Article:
North Dakota - update through December 2016

This interactive presentation contains the latest oil & gas production data from all (12163) horizontal wells in North Dakota since 2005, through December 2016.

Just two months after North Dakota saw the biggest rise in oil production in its history, it experienced the steepest decline. Total oil production in December came in at 942 kbo/d, down by 92 kbo/d from the previous month.

Severe winter weather impaired completion operations, and extra wells were shut-in. January was also a harsh month, so I don’t expect a reversal very soon.

Still, a sizeable number of new wells came online, 82, vs 83 in November (see “Well status” tab) .

Of the top operators, only EOG was able to increase production in December, as the last overview shows.

The new ‘Advanced Insights’ presentation is displayed below:



This “Ultimate recovery” overview shows towards which ultimate recovery wells from the past several years are heading. I’ve deselected Bowman county, which includes some excellent, but conventional, horizontal wells. Without this county, the increase in performance in real Bakken wells over the last decade becomes visible. In recent years this improvement has stagnated, although initial recovery is still increasing, as the higher tops (indicating higher production rates) show.

If you’re interested in more recent performance, please choose to show production by “Quarter” or “month of first flow”.

In the 2nd tab (“Cumulative production ranking”), you can see all those 11937 horizontal wells outside of Bowman county, ranked by cumulative production; 5 of them have produced more than 1 million barrels of oil through last December, while 169 produced so far more than 500 thousand barrels of oil.

[Update] Although I planned the new Projections post for this week, I received some good suggestions for improvements on a preliminary version. I now plan to release this post coming Monday.

For this presentation, I used data gathered from the following sources:

  • DMR of North Dakota. These presentations only show the production from horizontal wells; a small amount (about 30 kbo/d)  still comes from conventional vertical wells.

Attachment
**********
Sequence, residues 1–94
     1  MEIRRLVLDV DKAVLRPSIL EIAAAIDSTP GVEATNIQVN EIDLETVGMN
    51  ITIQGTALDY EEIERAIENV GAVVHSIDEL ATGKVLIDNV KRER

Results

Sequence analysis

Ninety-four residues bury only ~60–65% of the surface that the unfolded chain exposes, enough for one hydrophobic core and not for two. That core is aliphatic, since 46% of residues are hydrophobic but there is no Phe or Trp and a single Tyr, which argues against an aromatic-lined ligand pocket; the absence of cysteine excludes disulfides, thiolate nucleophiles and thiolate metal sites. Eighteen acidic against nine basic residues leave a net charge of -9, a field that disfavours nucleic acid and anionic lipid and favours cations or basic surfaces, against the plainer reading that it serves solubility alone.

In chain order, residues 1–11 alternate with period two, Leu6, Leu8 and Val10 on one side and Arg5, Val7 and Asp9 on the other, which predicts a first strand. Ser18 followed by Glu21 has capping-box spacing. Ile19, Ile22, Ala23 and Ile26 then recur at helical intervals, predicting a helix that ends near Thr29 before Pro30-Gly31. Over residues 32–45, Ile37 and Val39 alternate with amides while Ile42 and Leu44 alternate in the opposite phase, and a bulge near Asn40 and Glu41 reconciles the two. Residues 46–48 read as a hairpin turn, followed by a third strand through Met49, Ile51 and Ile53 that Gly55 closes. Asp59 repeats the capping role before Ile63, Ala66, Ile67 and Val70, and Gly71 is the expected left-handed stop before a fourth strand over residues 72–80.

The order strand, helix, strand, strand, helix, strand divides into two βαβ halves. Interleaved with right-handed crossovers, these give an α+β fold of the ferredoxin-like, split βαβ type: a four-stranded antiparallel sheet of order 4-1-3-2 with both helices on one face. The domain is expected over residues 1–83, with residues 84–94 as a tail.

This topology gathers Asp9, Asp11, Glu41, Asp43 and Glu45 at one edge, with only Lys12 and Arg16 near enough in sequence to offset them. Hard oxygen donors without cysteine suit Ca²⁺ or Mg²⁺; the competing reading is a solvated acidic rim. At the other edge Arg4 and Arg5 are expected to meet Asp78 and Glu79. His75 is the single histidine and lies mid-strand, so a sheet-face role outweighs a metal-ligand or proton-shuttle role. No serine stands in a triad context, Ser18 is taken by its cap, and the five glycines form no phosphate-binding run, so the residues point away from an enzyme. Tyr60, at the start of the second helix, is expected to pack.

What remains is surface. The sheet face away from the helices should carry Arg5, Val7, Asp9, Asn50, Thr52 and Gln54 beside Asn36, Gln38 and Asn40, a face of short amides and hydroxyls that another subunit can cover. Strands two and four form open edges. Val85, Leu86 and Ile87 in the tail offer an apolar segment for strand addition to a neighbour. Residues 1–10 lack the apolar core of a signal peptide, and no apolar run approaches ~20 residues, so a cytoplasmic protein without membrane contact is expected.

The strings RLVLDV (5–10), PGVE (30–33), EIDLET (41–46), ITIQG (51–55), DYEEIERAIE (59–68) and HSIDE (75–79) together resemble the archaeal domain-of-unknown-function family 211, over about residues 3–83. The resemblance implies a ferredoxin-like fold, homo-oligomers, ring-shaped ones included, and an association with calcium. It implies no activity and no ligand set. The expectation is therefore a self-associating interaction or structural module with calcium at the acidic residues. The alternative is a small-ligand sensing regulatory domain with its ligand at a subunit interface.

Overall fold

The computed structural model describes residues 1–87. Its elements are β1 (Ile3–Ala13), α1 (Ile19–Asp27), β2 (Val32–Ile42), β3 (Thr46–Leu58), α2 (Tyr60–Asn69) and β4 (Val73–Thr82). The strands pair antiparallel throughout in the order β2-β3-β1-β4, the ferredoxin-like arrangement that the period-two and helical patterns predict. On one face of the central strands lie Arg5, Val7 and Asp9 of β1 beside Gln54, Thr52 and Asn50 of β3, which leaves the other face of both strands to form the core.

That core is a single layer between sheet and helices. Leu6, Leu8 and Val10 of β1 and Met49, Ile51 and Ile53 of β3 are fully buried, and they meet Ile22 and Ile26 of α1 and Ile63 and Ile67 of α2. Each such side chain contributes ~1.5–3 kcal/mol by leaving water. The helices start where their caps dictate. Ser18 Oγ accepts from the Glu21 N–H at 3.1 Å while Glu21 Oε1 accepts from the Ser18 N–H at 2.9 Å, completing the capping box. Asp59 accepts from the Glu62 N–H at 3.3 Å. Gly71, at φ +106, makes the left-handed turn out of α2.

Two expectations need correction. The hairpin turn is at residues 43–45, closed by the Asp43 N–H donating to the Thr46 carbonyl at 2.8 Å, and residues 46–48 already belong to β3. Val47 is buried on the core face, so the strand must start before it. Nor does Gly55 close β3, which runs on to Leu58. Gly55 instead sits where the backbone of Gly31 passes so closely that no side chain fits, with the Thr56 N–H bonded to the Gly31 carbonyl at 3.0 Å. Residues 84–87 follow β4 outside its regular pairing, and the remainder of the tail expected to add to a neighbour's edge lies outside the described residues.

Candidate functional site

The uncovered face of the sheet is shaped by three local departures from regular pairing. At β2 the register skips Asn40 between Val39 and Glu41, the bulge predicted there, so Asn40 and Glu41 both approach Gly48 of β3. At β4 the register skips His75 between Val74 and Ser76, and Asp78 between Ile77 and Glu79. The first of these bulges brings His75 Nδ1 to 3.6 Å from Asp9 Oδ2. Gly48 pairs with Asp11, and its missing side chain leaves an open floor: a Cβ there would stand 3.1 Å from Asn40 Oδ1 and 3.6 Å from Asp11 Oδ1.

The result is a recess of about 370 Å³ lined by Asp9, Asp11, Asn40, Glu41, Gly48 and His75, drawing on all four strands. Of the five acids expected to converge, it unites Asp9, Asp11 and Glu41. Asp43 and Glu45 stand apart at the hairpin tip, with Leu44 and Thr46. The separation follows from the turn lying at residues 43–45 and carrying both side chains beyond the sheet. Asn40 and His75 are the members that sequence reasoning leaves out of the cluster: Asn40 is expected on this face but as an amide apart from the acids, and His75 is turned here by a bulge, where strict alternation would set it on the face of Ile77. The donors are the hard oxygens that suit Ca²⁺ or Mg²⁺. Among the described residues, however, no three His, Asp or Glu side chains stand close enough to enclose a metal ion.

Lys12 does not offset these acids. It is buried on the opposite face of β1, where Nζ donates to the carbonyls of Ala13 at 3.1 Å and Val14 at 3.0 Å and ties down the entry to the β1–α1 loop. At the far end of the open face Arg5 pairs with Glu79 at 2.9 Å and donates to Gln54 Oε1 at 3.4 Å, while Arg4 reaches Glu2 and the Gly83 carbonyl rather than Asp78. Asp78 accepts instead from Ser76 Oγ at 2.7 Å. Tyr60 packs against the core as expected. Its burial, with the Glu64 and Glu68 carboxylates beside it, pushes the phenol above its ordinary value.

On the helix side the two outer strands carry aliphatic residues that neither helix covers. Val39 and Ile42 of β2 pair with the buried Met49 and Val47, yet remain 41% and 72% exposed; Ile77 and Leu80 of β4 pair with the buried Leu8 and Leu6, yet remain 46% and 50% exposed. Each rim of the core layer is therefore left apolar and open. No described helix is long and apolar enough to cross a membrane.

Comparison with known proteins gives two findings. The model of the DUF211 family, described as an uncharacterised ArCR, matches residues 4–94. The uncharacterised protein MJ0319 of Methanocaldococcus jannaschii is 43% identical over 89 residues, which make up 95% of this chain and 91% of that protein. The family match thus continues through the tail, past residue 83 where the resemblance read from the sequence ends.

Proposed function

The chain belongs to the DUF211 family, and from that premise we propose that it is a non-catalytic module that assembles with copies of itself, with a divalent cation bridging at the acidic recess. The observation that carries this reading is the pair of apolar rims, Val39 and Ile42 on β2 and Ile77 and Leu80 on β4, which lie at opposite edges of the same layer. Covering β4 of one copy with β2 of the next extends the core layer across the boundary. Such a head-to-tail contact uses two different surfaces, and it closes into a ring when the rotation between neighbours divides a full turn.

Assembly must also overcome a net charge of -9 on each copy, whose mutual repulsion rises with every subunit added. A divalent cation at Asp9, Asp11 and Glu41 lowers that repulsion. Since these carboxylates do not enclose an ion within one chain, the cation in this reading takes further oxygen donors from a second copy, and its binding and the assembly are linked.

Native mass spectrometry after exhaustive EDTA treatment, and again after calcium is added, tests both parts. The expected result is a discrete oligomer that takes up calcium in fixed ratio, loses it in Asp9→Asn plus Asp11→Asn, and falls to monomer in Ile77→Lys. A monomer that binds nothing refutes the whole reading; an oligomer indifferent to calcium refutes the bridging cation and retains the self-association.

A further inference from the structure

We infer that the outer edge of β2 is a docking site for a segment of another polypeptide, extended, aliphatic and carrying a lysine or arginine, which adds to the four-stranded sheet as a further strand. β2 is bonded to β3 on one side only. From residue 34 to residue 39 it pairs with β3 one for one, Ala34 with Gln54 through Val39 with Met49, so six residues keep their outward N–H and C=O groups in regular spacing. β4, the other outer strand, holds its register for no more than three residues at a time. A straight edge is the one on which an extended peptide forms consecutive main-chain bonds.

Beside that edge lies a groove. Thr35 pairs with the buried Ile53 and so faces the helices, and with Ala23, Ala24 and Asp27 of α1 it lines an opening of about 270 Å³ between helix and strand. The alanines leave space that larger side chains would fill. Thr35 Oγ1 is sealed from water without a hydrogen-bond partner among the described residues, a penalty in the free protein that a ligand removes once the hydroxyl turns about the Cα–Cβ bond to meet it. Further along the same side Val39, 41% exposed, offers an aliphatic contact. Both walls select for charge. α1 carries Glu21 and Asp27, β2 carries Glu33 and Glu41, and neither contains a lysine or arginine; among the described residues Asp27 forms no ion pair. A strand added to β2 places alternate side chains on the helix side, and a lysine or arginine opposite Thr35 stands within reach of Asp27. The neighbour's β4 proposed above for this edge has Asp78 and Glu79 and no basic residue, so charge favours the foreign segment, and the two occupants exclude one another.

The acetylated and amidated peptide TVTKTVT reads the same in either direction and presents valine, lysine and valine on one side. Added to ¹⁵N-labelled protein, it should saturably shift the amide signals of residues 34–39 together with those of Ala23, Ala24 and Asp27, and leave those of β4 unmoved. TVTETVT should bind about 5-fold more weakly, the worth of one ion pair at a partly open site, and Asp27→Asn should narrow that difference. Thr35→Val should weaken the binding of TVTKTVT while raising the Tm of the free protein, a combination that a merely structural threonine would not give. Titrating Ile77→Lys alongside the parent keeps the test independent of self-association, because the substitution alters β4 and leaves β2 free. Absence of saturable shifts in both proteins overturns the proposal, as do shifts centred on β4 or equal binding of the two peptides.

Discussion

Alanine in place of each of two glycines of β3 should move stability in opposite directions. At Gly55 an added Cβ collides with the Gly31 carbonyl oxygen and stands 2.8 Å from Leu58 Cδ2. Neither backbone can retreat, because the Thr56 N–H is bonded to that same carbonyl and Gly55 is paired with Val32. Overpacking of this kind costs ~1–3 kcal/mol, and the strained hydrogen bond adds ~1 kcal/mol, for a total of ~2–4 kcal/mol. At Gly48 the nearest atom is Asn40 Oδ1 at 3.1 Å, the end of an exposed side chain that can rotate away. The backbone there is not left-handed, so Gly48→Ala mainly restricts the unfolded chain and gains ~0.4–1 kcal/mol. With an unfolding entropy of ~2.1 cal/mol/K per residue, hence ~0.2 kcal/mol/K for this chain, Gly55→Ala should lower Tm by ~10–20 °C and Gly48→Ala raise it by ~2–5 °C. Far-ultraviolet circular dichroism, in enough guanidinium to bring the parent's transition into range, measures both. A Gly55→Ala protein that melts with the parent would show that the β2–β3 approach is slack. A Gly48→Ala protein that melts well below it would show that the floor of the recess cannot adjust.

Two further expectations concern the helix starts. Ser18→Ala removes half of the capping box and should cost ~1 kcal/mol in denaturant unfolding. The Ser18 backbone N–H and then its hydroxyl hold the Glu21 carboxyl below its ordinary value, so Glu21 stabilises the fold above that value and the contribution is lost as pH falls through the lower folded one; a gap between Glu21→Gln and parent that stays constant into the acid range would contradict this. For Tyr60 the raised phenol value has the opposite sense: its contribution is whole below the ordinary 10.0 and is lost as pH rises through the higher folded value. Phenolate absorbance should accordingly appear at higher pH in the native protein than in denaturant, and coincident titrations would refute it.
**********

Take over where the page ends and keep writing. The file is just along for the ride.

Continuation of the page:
The above presentation has many interactive features:

  • You can click through the blocks on the top to see the slides.
  • Each slide has filters that can be set, e.g. to select individual or groups of operators. You can first click “all” to deselect all items. You have to click the “apply” button at the bottom to enforce the changes. After that, click anywhere on the presentation.
  • Tooltips are shown by just hovering the mouse over parts of the presentation.
  • You can move the map around, and zoom in/out.
  • By clicking on the legend you can highlight selected items.
  • Note that filters have to be set for each tab separately.
  • The operator who currently owns the well is designated by “operator (current)”. The operator who operated a well in a past month is designated by “operator (actual)”. This distinction is useful when the ownership of a well changed over time.
  • If you have any questions on how to use the interactivity, or how to analyze specific questions, please don’t hesitate to ask.


  • Sheng W? says:

    what’s the shut-in effect?

    I wonder if anyone could comment on the shut-in effect for non-conventional and conventional oil/gas wells?

    I read from some places that shut-in for a period of time will hurt conventional oil wells.
    I also read that in Bakken, shut-in are quite common for unconventional wells and sometimes a short shut in could bring up the production significantly?

    If there is a big difference for shut-in to be used in unconventional versus conventional wells, then it might explain why CLR and Whitting could have up and down swings in Bakken lately? CLR has +-15% swing.
    If this is true, shale driller could in theory have a better control of oil and gas production and market as well.